¶6 A defendant's need for discovery of a plaintiff's mental or physical condition under M. R. Civ. P. 35 must be balanced against the plaintiff's constitutional right to privacy under Montana Constitution Article II, Section 10. State ex rel. Mapes v. District Ct. of the Eighth Jud. Dist., 250 Mont. 524, 529, 822 P.2d 91, 94 (1991). Under Rule 35, a court may compel a party to submit to an independent physical or mental examination "on motion for good cause" if the party's mental or physical condition is "in controversy." Constitutionally-based privacy concerns require that Rule 35 examinations be ordered only when the party to be examined has put his or her physical or mental condition at issue, and when there is good cause for the examination. Simms v. Eighteenth Jud. Dist. Ct., 2003 MT 89, ¶ 31, 315 Mont. 135, 68 P.3d 678.
¶7 We have expressly approved and applied a high standard for the "in controversy" and "good cause" requirements of Rule 35. In In re Marriage of Binsfield, 269 Mont. 336, 888 P.2d 889 (1995), we applied the United States Supreme Court's interpretation of the same phrases in the parallel federal rule, Fed. R. Civ. P. 35: that the "in controversy" and "good cause" requirements of Rule 35 " 'require an affirmative showing by the movant that each condition as to which examination is sought is really and genuinely in controversy and that good cause exists for ordering each particular examination. . . .' " Binsfield, 269 Mont. at 341, 888 P.2d at 891-92 (quoting Schlagenhauf v. Holder, 379 U.S. 104, 118, 85 S. Ct. 234, 242-43 (1964)).
¶8 We have never ruled that a plaintiff's claim for general emotional distress damages is, in and of itself, a sufficient basis for ordering a Rule 35 mental examination. In applying Fed. R. Civ. P. 35, "[m]ost cases in which courts have ordered mental examinations pursuant to Rule 35(a) involve something more than just a claim of emotional distress." Turner v. Imperial Stores, 161 F.R.D. 89, 93 (S.D. Ca. 1995). The majority of federal courts "recognize that a mental exam is warranted when one or more of the following factors are present: (1) a tort claim is asserted for intentional or negligent infliction of emotional distress; (2) an allegation of a specific mental or psychiatric injury or disorder is made; (3) a claim of unusually severe emotional distress is made; (4) plaintiff intends to offer expert testimony in support of [a] claim for emotional distress damages; and/or (5) plaintiff concedes that her mental condition is in controversy within the meaning of Rule 35." Stevenson v. Stanley Bostitch, Inc., 201 F.R.D. 551, 554 (N.D. Ga. 2001).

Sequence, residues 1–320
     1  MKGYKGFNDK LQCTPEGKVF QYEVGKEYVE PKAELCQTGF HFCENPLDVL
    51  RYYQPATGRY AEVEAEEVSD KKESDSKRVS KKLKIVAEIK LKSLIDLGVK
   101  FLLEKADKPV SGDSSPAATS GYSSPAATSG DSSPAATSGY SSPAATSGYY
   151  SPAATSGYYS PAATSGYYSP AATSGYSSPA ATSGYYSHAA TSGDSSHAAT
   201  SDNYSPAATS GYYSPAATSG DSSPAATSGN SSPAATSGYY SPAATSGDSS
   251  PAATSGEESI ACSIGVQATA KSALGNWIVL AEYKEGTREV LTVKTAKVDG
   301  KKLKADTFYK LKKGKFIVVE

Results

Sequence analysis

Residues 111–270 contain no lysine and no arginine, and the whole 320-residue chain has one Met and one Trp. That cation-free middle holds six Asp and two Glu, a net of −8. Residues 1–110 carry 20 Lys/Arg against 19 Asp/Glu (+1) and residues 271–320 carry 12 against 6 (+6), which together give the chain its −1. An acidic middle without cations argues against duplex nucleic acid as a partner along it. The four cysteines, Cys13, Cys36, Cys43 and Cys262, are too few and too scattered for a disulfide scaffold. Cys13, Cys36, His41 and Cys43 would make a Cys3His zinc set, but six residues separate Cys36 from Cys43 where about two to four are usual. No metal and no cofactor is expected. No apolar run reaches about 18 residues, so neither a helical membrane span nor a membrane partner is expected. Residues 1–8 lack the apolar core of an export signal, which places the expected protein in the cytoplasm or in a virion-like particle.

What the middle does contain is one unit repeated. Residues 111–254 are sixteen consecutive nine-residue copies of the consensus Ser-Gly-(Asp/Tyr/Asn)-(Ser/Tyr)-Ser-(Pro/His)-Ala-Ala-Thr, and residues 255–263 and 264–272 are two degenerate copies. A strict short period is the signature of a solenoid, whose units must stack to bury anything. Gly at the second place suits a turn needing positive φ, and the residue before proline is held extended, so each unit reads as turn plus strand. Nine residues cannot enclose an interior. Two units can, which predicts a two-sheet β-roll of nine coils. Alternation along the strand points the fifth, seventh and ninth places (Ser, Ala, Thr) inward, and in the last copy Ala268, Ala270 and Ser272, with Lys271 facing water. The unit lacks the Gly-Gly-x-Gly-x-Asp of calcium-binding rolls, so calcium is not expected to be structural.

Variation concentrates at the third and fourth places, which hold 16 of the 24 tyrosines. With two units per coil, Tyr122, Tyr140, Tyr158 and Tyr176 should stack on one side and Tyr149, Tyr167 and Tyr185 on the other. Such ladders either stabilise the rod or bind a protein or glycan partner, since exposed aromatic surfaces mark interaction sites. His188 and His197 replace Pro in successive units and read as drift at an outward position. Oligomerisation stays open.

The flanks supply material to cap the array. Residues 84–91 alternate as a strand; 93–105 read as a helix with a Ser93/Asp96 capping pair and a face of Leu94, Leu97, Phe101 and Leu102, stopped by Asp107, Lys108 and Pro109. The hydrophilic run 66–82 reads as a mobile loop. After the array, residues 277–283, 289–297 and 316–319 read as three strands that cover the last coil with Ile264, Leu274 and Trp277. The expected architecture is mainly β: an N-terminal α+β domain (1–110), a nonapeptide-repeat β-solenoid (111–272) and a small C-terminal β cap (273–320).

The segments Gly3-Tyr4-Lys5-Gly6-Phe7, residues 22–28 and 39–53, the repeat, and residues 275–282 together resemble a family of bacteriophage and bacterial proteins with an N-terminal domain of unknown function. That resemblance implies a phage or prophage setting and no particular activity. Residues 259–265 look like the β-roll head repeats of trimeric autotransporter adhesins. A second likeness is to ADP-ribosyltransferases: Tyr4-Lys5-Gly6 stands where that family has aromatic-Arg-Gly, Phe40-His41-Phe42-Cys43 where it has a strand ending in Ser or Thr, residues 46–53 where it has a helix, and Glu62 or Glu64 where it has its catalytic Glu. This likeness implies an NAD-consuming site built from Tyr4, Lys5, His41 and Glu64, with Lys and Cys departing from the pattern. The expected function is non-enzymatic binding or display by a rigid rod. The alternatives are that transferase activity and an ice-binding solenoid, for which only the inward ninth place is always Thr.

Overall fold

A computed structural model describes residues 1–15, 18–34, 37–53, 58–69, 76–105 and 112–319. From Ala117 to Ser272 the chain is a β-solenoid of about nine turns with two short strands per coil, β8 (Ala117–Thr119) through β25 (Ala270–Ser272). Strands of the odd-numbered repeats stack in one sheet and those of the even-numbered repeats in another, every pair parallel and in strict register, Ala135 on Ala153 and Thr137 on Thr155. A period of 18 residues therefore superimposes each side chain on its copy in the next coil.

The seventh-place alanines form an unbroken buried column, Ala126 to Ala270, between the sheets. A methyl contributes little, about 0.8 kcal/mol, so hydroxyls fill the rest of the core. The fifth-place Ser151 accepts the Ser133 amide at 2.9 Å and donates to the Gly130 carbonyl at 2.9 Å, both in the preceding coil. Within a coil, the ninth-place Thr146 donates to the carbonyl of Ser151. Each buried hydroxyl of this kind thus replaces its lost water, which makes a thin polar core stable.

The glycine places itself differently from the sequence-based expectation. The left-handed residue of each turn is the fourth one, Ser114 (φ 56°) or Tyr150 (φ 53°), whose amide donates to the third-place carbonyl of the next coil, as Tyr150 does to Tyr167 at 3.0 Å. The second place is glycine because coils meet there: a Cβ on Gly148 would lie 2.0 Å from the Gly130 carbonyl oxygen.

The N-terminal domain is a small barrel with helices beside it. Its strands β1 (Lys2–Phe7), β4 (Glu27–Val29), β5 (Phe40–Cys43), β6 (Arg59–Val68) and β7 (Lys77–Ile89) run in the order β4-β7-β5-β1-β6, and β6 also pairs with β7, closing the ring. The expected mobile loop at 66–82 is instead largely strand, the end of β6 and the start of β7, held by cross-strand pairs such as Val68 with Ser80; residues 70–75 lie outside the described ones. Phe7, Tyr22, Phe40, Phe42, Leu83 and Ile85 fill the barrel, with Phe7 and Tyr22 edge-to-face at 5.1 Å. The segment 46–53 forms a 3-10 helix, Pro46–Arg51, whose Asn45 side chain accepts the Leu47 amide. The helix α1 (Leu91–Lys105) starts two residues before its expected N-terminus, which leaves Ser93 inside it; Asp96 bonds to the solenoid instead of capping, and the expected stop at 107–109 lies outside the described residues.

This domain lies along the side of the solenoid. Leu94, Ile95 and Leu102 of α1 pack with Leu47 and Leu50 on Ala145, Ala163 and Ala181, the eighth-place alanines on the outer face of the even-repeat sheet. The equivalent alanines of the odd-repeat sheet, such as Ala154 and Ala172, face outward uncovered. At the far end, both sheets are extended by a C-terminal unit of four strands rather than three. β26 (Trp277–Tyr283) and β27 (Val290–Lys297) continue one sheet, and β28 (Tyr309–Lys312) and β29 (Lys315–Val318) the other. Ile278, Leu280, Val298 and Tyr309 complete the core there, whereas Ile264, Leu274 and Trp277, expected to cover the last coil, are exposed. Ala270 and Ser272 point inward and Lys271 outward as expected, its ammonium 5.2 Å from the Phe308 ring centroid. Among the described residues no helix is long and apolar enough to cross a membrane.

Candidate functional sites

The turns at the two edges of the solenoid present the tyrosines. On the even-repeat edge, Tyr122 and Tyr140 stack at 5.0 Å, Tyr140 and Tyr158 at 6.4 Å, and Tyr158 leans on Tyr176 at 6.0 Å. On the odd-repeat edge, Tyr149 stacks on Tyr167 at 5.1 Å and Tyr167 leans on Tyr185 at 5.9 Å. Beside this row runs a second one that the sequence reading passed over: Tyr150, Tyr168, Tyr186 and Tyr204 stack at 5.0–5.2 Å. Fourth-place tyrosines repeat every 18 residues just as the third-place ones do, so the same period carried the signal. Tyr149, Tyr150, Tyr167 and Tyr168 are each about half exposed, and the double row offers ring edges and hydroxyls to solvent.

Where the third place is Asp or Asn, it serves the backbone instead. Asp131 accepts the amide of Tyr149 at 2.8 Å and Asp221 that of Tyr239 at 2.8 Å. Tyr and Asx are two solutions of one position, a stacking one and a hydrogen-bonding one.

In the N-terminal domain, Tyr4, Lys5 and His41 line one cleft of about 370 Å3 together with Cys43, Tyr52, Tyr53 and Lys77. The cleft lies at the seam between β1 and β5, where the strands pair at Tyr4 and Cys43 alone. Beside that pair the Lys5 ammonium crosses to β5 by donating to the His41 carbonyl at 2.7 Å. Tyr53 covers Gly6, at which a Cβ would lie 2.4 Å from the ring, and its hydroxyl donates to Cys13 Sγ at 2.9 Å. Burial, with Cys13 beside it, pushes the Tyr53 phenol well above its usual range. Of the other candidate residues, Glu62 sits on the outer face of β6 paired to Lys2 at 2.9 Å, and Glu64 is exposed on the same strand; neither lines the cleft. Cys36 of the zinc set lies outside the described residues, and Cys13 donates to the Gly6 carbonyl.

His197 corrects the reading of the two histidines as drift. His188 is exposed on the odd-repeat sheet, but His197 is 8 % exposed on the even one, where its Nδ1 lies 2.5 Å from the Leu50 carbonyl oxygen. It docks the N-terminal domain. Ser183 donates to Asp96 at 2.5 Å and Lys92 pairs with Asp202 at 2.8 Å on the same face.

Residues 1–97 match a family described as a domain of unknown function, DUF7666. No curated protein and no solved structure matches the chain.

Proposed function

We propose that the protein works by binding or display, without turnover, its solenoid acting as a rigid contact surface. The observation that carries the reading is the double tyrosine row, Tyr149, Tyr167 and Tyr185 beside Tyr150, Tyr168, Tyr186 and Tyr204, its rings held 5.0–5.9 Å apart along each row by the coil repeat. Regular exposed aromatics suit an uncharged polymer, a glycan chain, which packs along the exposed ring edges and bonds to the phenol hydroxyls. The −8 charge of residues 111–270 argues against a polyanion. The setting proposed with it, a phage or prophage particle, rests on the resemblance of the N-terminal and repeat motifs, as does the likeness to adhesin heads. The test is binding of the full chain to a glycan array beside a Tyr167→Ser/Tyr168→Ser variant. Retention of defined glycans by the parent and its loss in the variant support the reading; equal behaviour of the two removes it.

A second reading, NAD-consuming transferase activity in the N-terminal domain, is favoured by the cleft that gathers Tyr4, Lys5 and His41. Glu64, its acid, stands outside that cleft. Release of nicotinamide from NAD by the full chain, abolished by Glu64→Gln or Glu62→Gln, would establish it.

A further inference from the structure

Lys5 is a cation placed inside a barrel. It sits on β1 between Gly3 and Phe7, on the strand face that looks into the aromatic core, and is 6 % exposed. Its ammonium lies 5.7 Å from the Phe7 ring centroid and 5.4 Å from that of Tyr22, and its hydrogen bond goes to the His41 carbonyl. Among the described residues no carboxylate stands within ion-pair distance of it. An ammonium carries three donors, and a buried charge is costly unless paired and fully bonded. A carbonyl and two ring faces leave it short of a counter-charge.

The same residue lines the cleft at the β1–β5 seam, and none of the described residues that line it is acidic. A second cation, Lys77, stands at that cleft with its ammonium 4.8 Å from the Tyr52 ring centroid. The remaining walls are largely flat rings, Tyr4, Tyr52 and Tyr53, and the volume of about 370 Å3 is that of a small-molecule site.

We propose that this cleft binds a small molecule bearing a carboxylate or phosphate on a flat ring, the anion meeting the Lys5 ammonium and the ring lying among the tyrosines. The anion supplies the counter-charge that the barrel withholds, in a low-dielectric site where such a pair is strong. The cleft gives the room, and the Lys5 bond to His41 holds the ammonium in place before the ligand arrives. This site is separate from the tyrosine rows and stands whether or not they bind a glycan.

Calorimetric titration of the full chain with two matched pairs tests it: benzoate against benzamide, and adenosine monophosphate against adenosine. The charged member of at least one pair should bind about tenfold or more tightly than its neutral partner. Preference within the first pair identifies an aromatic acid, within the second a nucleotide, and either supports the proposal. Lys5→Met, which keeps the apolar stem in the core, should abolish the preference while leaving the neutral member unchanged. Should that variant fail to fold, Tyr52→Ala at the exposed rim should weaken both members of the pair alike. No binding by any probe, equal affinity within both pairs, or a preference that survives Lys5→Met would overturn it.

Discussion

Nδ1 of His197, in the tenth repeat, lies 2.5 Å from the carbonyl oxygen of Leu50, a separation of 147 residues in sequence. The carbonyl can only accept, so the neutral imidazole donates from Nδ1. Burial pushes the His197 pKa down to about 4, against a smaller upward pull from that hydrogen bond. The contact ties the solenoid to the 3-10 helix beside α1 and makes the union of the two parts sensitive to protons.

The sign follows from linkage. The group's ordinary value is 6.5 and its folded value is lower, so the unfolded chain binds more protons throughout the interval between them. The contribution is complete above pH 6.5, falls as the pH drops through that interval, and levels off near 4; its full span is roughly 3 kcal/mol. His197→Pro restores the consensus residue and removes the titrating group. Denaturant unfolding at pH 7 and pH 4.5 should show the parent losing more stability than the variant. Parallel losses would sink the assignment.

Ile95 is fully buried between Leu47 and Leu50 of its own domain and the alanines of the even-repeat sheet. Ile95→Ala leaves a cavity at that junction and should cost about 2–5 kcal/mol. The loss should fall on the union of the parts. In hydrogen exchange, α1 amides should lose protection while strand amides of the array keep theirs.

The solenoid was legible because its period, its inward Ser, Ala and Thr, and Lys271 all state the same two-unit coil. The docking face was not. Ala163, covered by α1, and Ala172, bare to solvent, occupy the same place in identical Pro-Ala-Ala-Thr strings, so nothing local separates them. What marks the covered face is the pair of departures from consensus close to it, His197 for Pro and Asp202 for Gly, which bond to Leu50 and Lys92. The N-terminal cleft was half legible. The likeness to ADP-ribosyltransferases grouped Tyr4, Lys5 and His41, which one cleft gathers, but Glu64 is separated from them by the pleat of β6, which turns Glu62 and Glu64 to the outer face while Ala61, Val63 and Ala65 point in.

¶9 As demonstrated by the documents filed with this Court, Caryn Lewis has not claimed damages for any mental or psychological disorder or injury due to the motor vehicle/pedestrian accident that is the subject of Cascade County Cause No. ADV 10-895. She has neither claimed that a pre-existing mental condition was exacerbated by the accident nor asserted an independent tort claim for negligent infliction of emotional distress. Rather, she has made only a general claim for "emotional pain, suffering and anxiety" associated with her physical injuries from the motor vehicle/pedestrian accident in which she was involved.
¶10 We conclude the matter over which Lewis seeks our supervisory control involves a legal issue as to which the District Court has made a mistake of law. Caryn Lewis has neither put her mental condition in controversy nor conceded that her mental condition is in controversy within the meaning of Rule 35. Because Lewis has not put her mental condition in controversy, the District Court erred in granting State Farm's motion for an independent psychological examination of her under M. R. Civ. P. 35. And, because Lewis's loss of privacy in submitting to a Rule 35 psychological examination would be irretrievable, the normal appeal process would be inadequate to address the District Court's ...